Virtue and vice: morality police and social control in Islamic regimes
Detrick, Amanda F.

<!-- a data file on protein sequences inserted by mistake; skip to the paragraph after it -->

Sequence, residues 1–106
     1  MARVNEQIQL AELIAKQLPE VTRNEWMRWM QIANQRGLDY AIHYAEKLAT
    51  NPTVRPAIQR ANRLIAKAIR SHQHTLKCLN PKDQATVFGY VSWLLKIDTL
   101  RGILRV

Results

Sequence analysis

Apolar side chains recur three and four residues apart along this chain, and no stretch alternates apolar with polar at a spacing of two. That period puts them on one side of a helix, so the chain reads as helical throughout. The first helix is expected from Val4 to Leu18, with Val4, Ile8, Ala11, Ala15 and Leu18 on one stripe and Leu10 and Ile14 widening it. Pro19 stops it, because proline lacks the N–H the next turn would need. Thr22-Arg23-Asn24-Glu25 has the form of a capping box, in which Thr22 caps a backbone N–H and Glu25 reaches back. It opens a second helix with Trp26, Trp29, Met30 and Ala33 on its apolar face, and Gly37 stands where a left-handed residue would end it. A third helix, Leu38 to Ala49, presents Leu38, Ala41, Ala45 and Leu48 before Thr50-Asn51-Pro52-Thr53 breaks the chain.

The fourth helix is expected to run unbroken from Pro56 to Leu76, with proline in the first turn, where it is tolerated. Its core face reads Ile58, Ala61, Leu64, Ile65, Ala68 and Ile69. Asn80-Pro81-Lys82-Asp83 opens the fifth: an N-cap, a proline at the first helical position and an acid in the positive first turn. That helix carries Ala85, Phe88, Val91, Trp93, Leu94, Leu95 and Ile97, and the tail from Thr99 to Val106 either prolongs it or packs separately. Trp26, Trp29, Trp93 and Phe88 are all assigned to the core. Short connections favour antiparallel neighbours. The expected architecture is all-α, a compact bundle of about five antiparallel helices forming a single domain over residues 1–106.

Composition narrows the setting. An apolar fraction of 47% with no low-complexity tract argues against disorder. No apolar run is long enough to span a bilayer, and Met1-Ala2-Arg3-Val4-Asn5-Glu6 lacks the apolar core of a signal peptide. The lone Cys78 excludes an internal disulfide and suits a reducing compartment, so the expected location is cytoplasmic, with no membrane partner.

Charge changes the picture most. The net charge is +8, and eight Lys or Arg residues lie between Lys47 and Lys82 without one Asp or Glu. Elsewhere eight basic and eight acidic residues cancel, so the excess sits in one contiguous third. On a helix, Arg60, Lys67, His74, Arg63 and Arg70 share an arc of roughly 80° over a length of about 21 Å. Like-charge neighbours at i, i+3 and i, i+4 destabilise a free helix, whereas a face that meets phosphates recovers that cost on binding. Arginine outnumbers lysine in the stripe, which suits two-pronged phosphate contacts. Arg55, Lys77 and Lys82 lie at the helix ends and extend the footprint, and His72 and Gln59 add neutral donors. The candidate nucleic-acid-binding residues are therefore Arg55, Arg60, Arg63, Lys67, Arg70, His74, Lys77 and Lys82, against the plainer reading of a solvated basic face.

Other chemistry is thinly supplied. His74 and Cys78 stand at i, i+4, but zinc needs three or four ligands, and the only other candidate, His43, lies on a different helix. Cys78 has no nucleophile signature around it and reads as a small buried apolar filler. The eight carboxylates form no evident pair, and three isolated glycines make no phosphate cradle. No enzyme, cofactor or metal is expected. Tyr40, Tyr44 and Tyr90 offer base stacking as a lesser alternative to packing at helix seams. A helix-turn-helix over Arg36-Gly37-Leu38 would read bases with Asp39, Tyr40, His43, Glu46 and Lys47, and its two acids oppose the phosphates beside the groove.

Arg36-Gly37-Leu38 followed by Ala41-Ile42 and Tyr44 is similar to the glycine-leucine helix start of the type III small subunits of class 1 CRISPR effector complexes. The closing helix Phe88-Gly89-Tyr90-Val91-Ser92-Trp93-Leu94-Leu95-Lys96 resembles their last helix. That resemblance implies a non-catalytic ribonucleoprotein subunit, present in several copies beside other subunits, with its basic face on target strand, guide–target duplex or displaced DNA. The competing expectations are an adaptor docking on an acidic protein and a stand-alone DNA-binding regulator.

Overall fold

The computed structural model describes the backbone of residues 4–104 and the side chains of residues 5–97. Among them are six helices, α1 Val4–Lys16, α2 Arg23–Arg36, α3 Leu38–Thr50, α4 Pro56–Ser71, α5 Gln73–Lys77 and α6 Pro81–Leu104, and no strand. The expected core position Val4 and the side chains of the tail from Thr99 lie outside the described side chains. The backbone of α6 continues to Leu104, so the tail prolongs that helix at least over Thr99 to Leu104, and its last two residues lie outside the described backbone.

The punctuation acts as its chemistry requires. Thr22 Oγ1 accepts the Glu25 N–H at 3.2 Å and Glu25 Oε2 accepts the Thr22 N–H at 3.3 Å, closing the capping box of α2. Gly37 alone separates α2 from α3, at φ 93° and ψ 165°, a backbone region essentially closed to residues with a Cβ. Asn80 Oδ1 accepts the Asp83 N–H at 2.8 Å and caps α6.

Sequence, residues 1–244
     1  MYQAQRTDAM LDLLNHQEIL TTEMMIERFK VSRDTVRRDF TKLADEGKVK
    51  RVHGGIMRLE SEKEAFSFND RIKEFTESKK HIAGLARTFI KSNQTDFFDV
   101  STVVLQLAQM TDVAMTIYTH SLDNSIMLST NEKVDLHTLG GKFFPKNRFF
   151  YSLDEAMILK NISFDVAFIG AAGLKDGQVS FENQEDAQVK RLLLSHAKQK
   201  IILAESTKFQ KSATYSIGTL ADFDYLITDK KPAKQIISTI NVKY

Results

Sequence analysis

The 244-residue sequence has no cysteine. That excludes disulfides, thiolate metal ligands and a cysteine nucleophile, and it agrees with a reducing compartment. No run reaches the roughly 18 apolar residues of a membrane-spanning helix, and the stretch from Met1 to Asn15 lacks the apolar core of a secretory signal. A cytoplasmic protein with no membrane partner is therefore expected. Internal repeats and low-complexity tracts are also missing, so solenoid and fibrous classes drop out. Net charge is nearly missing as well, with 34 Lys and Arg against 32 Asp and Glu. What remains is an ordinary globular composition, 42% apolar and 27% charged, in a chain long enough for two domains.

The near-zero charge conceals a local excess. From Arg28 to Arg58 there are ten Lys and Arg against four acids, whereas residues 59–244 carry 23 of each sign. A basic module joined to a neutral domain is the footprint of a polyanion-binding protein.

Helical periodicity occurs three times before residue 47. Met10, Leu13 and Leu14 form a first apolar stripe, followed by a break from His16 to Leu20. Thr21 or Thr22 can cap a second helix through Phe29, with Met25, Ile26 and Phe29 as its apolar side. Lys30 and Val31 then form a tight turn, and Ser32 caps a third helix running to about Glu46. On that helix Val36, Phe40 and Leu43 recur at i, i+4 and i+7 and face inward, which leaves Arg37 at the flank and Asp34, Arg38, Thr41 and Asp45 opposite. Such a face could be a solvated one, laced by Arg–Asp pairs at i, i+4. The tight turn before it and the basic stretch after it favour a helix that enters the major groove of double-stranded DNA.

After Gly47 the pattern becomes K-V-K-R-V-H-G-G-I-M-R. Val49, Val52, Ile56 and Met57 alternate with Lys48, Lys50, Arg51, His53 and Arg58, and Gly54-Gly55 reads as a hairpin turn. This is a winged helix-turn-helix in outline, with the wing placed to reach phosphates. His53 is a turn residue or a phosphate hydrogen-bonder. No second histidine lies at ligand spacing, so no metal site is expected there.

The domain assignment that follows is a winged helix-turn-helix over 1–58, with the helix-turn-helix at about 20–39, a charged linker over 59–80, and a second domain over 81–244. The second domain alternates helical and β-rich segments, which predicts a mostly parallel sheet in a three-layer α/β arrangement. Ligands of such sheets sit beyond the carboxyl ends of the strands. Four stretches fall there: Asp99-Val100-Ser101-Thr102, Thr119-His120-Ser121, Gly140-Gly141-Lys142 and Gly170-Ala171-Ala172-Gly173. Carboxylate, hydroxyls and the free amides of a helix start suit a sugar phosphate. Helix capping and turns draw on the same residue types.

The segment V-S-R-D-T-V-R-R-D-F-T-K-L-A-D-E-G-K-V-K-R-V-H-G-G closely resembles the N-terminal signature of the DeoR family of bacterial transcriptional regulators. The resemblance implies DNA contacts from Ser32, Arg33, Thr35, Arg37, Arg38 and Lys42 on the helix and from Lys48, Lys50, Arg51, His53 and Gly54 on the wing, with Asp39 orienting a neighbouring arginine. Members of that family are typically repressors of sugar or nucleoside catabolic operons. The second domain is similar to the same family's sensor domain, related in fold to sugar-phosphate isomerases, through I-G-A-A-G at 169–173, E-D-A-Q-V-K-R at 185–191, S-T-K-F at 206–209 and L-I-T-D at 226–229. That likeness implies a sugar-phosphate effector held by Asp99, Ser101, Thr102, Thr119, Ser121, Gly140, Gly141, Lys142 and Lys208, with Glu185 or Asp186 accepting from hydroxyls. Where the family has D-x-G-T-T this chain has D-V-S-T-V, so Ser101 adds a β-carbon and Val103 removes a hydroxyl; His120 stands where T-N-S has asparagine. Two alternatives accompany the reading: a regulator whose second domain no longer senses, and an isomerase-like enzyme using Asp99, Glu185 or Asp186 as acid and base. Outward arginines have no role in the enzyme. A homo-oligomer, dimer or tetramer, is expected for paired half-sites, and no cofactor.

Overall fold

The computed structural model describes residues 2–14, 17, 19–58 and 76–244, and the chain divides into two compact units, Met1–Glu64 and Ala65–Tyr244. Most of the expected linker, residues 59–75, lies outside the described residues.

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Certain states with religious systems of governance maintain and deploy morality police forces as a mechanism of social control. What role do morality police play in the social control programs of Islamic states? How are those forces employed, and what are the effects of those forces on society? These issues were explored through a comparative study of morality policing programs under three Islamic regimes: the Kingdom of Saudi Arabia, the Islamic Republic of Iran, and the Islamic Emirate of Afghanistan under the Taliban. This thesis argues that states with religious systems of government employ morality police as a formal method of social control to expand and stabilize their rule. Morality police forces enable the regime to project power into society and retain dominance by affirming religious legitimacy, suppressing dissent, and enforcing socio-religious and political uniformity. The examination of the selected cases further suggests that the tactics and operations of morality police have led to certain levels of domestic unrest. Despite some measures taken toward curbing the forces, regimes perceive them as too valuable for the preservation of society, religion, and political power to abolish completely.
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